Back in September, we talked about Section 508 of the Americans with Disabilities Act. Those who regularly work with federal agency web content know how Section 508 can spread fear through the management of any project. For those who aren’t as familiar, Section 508 requires the information on a website to be accessible to visitors with certain disabilities, most notably vision impaired visitors using text readers.
At the time, we said that the requirements primarily applied to federal websites, but that many contractors and groups who work with these agencies should probably try to meet them.
The rules may be changing, though. The Justice Department has joined a suit against H&R Block. The H&R Block website provides tax advice and information, and is not compliant with standards for Section 508. But until recently, was not clear they would be required to.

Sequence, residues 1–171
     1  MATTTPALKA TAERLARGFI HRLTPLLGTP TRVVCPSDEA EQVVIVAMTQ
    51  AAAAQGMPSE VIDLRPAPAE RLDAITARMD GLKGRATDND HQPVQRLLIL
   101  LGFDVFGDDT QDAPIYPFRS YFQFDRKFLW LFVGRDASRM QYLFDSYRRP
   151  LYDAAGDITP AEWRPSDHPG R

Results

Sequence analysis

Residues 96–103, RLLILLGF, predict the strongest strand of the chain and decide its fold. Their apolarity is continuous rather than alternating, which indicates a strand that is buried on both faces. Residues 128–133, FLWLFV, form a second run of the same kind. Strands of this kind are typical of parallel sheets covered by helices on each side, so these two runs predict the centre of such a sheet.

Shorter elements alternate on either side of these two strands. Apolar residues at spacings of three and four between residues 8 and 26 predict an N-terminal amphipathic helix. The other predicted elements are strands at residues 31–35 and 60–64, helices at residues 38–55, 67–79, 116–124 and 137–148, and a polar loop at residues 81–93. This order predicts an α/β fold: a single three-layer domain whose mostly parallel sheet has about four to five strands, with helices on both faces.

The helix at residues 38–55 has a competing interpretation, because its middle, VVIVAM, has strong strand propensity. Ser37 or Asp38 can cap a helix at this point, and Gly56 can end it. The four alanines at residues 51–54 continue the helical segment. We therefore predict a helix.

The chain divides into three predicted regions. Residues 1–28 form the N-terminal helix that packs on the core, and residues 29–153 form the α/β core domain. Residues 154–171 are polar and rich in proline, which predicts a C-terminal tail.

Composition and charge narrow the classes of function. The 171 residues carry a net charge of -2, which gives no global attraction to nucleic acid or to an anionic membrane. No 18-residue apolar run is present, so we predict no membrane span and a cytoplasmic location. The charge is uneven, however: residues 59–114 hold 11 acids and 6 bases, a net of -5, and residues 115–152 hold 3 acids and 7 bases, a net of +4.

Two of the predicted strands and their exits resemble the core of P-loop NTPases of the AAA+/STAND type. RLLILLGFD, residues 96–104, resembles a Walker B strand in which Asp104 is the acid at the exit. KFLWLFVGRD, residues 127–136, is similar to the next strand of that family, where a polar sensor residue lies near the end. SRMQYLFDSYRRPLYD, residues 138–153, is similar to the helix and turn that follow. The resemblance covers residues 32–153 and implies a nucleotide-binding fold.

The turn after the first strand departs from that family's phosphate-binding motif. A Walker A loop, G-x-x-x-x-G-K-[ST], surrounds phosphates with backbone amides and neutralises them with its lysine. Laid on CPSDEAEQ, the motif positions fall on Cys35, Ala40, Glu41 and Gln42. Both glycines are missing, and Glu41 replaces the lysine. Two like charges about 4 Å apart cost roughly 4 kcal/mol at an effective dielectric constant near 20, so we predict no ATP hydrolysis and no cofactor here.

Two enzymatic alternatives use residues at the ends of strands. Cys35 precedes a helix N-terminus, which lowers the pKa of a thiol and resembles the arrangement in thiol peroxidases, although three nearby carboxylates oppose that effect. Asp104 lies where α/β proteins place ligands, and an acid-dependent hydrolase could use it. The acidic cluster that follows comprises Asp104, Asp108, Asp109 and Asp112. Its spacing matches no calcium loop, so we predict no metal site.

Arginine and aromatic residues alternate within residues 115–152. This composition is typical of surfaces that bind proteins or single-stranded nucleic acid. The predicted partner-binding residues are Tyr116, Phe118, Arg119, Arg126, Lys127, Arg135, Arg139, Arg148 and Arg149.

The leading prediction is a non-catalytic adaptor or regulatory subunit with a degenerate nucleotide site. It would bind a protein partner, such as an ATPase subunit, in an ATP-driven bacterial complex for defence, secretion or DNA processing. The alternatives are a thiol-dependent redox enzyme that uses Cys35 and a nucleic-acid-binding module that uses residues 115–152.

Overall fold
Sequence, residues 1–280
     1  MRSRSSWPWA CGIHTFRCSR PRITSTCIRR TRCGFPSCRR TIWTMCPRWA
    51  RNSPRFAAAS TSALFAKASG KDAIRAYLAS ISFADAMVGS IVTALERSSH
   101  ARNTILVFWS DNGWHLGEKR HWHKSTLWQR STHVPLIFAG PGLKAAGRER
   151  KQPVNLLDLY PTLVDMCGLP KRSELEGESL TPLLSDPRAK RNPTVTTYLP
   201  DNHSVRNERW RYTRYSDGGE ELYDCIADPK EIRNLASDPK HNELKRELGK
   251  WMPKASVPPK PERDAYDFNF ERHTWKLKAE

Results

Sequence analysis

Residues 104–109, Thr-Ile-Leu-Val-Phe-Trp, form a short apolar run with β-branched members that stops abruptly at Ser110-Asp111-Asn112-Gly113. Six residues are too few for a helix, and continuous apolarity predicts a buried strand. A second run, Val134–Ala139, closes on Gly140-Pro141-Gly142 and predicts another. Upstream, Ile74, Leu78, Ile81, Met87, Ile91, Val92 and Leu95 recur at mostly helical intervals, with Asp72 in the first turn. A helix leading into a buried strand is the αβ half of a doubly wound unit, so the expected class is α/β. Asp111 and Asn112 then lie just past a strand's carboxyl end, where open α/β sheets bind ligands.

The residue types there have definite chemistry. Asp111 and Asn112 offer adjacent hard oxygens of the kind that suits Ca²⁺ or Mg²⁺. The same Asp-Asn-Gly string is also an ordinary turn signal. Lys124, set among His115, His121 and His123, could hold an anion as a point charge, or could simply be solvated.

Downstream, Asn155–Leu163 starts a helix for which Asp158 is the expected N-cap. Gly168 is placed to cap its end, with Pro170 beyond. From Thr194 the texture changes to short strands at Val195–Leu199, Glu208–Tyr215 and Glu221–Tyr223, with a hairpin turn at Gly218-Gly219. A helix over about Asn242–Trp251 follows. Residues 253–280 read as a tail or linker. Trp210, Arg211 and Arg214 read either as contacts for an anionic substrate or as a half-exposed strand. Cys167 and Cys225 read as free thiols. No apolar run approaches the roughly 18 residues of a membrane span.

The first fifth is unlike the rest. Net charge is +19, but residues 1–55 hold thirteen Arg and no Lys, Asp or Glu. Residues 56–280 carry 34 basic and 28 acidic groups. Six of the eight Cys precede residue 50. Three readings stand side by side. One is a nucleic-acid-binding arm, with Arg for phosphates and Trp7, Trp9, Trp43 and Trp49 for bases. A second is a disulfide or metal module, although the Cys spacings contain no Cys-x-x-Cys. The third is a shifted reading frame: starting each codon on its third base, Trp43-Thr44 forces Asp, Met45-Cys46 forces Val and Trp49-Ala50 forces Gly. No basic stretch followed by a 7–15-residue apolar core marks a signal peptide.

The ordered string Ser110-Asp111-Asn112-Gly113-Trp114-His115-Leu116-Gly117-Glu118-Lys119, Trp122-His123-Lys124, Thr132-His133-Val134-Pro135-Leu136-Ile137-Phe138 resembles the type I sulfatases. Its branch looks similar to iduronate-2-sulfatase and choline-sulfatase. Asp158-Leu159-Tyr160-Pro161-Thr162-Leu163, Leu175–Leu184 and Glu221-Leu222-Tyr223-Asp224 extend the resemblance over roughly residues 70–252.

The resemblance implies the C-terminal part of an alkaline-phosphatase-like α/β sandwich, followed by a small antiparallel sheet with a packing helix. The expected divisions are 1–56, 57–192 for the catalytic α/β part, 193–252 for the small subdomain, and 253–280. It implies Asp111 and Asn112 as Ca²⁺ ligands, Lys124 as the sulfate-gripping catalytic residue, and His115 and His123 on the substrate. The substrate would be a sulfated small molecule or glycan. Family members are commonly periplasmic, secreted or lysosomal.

websites are public accommodations and owners must take the necessary steps to ensure individuals with disabilities are not excluded or “treated differently because of the absence of auxiliary aids and services” including the “accurate captioning of audible materials and labeling of visual materials.”
What isn’t clear is whether they are claiming that H&R Block is a public accommodation because it is a large public website, or because it specifically serves up information that is related to the federal government.
We will be watching to see how this case comes out, of course. How broadly this theory might be applied in the future is open to question, but large websites that might be described similarly as a public accommodation should be aware of the potential new requirements.